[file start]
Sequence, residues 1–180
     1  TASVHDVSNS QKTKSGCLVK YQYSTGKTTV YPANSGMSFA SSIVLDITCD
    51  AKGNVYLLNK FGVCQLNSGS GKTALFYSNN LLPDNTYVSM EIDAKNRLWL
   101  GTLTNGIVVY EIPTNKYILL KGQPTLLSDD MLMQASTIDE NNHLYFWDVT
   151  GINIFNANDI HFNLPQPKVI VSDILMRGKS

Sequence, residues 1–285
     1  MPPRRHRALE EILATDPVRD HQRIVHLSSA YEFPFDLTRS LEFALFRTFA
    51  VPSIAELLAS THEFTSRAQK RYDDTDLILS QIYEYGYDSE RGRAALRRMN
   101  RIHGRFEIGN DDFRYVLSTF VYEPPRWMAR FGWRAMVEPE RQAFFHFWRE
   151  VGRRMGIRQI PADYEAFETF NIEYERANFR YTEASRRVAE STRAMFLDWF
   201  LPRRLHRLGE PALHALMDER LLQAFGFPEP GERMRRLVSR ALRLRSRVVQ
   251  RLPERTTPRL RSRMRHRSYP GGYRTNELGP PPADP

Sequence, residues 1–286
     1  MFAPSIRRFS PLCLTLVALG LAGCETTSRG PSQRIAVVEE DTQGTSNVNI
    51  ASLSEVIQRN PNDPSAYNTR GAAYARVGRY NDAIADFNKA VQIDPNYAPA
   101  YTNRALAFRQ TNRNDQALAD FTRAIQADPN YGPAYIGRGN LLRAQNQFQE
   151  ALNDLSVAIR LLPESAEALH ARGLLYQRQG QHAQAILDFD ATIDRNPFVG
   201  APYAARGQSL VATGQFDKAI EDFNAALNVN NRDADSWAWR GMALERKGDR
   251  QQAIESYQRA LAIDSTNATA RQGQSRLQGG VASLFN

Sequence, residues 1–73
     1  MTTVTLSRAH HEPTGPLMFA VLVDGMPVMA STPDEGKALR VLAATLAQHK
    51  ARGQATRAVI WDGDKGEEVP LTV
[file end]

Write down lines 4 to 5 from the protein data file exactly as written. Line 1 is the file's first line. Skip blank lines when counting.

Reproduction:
   101  GTLTNGIVVY EIPTNKYILL KGQPTLLSDD MLMQASTIDE NNHLYFWDVT
   151  GINIFNANDI HFNLPQPKVI VSDILMRGKS